Recent Posts by Jean-Marc Pascal

Philosophising in the Shadow of Trees

When gathering his students outside the Academy, did Plato urge them to sit in the shade of (already) ancestral olive trees or did he urge them to stand in-between the shadow of its imposing columns? Apart from the Buddha, longing for spiritual experience under a Bodhi tree, philosophers do not seem to lift their heads to admire these mute witnesses of historical events and by-gone generations. And yet, the first (possibly philosophical) conversations of our remote ancestors took place in ...

Existentialist Novels

The summer months are ideal for making forays into neglected intellectual territories. Existentialist novels are traditionally reduced to two major works: Sartre’s Nausea (1938), a rich study of a character in search of historical as well as ‘existential’ truth and Camus’ The Outsider (1942), whose non-hero finds himself tragically involved in a murder case. But what characterises an ‘existentialist novel’ if not the quest for fundamental answers to perennial questions? In this respect, all of Dostoevsky’s works fit this description and the ...

Herbert Marcuse, Catalyst of the 60’s Protest Movements

Today, who remembers or even reads Herbert Marcuse (1898–1979), post-Marxist theoretician and last proponent of a society founded on total human emancipation and personal self-accomplishment? In The One Dimensional Man (1964), his scathing attack of the ‘ideology of advanced industrial society’, Marcuse deplored the narrowing down of modern consumers’ aspirations as ‘they recognise themselves in their commodities; they find their soul in their automobile, hi-fi set, split-level home, kitchen equipment.’ Exiled to America with his fellow-members of the Frankfurt School of Social ...

Philosophy and May ’68 (Part 2)

Among the philosophers who exerted a strong influence on pre and post ’68 Continental philosophy was Jacques Deleuze (1925–1985). The latter explored new ways of thinking in his critical and highly original reinterpretations of Leibniz, Hume and especially Nietzsche’s works. as well as in his forays into psychoanalysis with his collaborator and friend Félix Guattari. Their Anti-Oedipus: Capitalism and Schizophrenia, published in 1972, was a brave attempt at redefining the unconscious as a ‘desire-producing machine’ instead of a hidden theatre ...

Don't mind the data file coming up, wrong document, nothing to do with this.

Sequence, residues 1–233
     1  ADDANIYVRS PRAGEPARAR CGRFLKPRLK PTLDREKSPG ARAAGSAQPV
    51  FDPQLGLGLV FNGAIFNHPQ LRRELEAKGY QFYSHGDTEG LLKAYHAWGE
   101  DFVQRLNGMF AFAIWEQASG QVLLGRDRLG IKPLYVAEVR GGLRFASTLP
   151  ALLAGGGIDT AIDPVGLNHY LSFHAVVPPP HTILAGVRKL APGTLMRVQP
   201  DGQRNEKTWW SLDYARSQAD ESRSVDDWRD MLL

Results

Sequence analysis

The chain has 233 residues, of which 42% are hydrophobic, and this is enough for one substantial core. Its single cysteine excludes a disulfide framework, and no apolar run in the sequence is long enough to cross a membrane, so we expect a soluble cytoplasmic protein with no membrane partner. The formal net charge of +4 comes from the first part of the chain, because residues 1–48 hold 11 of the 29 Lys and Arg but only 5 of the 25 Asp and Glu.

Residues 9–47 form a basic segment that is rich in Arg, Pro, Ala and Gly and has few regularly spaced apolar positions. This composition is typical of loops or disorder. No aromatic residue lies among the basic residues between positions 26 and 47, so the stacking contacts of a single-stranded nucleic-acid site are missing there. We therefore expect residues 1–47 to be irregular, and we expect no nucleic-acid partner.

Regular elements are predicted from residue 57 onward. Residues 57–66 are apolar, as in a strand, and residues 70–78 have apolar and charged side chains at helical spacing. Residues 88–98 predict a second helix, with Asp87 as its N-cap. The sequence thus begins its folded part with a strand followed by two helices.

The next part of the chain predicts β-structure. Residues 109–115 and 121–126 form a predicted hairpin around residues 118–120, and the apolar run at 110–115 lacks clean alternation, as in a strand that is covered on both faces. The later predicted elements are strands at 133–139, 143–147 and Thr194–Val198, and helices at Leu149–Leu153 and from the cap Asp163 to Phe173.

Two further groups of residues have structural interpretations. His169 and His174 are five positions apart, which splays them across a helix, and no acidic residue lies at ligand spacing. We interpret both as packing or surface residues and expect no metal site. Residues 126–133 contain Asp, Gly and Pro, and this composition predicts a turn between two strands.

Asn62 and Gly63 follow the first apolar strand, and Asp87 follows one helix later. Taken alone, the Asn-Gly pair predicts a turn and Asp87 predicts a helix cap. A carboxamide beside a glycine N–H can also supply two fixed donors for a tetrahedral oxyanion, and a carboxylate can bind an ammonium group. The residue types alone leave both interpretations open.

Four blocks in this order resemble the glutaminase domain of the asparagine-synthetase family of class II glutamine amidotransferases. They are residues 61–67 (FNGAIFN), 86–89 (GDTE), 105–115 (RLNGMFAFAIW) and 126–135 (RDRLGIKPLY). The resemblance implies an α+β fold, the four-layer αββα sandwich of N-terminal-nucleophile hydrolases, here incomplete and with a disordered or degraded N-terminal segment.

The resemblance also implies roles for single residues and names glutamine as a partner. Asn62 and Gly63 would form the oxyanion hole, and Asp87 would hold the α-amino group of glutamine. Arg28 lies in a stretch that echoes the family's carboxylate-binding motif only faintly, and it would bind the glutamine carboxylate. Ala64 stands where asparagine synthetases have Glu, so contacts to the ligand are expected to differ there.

For a Global Approach to Philosophy

All philosophies tend towards the same goal: the acquisition of wisdom, be it through transcendental meditation, spiritual contemplation or rational investigation. In a world open to all sorts of false claims, dangerous reinterpretations and approximations of so called ‘new truths’, philosophy, often under attack from malevolent quarters, has never appeared so urgently needed to repair our dented certainties and restore our belief in the power of objective reason and personal self-enlightenment. In his ambitious work Taking Back Philosophy. A Multicultural Manifesto (Columbia ...

Bergson and Proust on Time and Memory

In his 1910 doctoral thesis entitled Time and Free Will: An Essay on the Immediate Data of Consciousness, Henri Bergson (1859–1941) argued against the received quantifying method of dividing time into countable units which ignored and simply disposed of its psychological dimension. Instead, he developed a new theory of time, conceived as an essentially subjective experience, introducing the concept of ‘pure duration’ made out of ‘nothing but a succession of qualitative changes, which melt into and permeate one another, without ...

Martin Buber’s ‘I and Thou’ Relation

In an age where identity is being questioned in the light of the latest technological advances in robotics and artificial intelligence, Martin Buber’s thought is a welcome reminder of how our relation with others remains the deepest and most solid foundation of our morality and humanity. Steeped in Jewish theology and culture, Buber (1878–1965) was one of the most influential thinkers of the twentieth century as he transcended his own Jewish faith to encompass the Christian tradition and offer the ...

Philosophy and May ’68 (Part 1)

Fifty years ago a spontaneous youth movement erupted and spread across the world, threatening to undermine the very foundations of prosperous nations, enjoying full employment and growing consumerism. This student revolt echoed, in scope, the short-lived 1848 revolutions in Europe and like them, ended up in frustration and disillusionment for millions of students and workers. The French ‘events’ of May ’68 encapsulated the essence of a profound social and political ‘malaise’ felt from Paris to San Francisco and Tokyo. Philosophy, ...

The Late Philosophy of Bertrand Russell (Part 2)

The origin and nature of ‘belief’ was Russell’s central philosophical preoccupation throughout his long life. In The Problems, he delineates five different causes which are: A spontaneous unconscious inference between a world like ‘fire’ and a physical, verbal, visual or psychological reaction to it. In this respect, such a belief can be found in animal as well as human behaviour as in the case of a cat rushing to his mistress every time the latter calls out the word ‘fish’ ...

Two Conceptions of Philosophy: Williamson vs Scruton (Part 2)

In his response to Roger Scruton’s conception of philosophy, published in The Times Literary Supplement, dated 3 November 2017, Professor Williamson adopts a measured and rigorous approach, expected of a logician and philosopher of language. He first finds fault with his colleague’s assumption that the subject of experience ‘is not part of the empirical world’. What of the study of historical agents whose motivations can, indeed, be analysed scientifically by ‘adapting one’s methods to the nature of the problem (at ...

Recent Comments by Jean-Marc Pascal